Saturday, August 17, 2013

Dear Colin

We moved our youngest son Colin into his new apartment last week.  He wasn't feeling well at all, so we pretty much did it for him.  It's is a great set up.  We love his roomie.  Devin will be close by - in the same set of apartments.  It's all good.  He'll be back from time to time, but he'll also probably always have an apartment of his own now to call his home.  He is literally between two worlds.

We left his room upstairs a bit of a mess when we moved him out.  The door is off the hinges so we could move out the couch, the usual grunge that builds up under the bed was there.  He had quickly sifted through some of his stuff from the many years of living at home and took some with him.  I was up there today doing some of my own sorting and cleaning and dusting.

Getting into the corners, going through the bookshelves, sweeping and making piles of things to store, things to give away, I came across some artifacts of Colin's life, the little stuff left behind.  There were marbles and paper clips, mechanical pencils - his writing tool of choice.  There was a three or four year stack of MAD Magazines along with some Guitar Player mags.  There was loose change, a die, one of those Barrel of Monkeys monkeys.  There was a guitar pick that had been chewed, an old GameBoy game.  There was his stash of Yughio cards in a little wooden box.  He LOVED those when he was a kid.  There were notebooks he had written in and lots of old high school notes.  There was a Buzz Lightyear ship and a Valentine letter from an old flame.  All of these were small mementos of his life here with us.  Music.  Games.  Toys.  Correspondence.  School.  His stuff, you know?

Of course there are a ton of pictures on the hall walls going up the stairs to his room.  Pictures of Colin and Devin from the time they were little babies to fairly recent ones.  There was this one that stood out to me.  It wasn't in a frame, just out there on the shelves among the other detritus and memories.  It is a big black and white image.  Colin is about 4 or 5.  He has his arms around the neck of Sasha, our lab.  They were both such young puppies then.

Now Sasha is quite old.  She has dodged the bullet a couple of times and her time left with us is short.  She limps and doesn't have the energy to take a walk more than to the corner and back.  But she is happy.  Old.  But happy.  But in that picture they both were so very young and full of energy and their lives were stretched out far before them.  And looking into Colin's young sweet face, his sincere smile, his loving energy - made me miss him something fierce.  There was an ache in my chest I hadn't felt in a while.  He'll be back.  I know.  But it won't be the same.  Not for him.  Not for us.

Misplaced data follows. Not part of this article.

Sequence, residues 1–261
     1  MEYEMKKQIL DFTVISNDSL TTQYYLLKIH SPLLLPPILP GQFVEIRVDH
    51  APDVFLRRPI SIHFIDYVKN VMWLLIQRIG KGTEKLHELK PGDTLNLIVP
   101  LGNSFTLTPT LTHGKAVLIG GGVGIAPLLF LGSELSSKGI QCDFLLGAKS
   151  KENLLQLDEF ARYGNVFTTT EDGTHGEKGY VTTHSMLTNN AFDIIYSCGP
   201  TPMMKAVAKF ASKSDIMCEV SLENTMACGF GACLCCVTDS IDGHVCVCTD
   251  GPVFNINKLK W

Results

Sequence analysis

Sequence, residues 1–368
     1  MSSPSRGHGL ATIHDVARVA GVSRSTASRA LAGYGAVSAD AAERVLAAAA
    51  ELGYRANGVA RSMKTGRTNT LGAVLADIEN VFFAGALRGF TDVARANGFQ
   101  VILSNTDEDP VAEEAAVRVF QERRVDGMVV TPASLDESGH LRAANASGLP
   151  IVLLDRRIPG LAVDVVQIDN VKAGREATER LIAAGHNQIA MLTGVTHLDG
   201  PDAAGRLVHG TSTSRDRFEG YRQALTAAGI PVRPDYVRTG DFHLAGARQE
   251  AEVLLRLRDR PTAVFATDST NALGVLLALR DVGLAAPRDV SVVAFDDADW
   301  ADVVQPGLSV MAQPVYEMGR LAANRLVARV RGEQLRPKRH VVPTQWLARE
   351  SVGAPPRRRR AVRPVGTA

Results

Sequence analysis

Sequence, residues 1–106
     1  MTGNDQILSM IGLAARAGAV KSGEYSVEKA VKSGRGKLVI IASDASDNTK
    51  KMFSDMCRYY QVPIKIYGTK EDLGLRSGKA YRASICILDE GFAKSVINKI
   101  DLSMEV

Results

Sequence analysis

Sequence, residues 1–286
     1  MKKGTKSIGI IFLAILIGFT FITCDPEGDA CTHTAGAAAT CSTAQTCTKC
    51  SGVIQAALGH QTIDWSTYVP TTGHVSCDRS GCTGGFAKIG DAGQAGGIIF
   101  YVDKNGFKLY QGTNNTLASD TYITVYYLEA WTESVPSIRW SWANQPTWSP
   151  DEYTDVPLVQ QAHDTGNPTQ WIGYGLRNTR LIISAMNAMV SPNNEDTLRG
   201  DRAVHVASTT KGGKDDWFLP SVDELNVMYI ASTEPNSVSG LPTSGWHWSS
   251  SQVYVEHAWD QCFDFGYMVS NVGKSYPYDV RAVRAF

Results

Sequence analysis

Another artifact I fond was a letter I wrote to him when he was a senior in high school.  At that time he was looking college square in the face.  The letter was for a cool church project his youth pastor Trevor Miller asked us to pull together.  I got a little teary reading that little time capsule of my thoughts.  It was just another reminder of how lucky I am to be the dad to these wonderful boys (young men).

Dear Colin,
       It feels a little weird writing you a letter.  You haven't moved away and I see you every day.  Not a day goes by when we don't talk.  Even when you or I are out of town, we pretty much speak every day.
      At the same time, writing this letter is important.  You don't write that much correspondence on paper, most of your contact with people is fairly instant.  But there is something about writing letters that is, in some ways, more intensely personal than a text, or a Facebook message, or even a phone conversation.  It is so much more intentional, so careful, so crafted.  It's kind of like writing a song.  If you write something and reread it and it isn't what you really mean, you rewrite it.  Only what you really want to say is left there, if you take it seriously.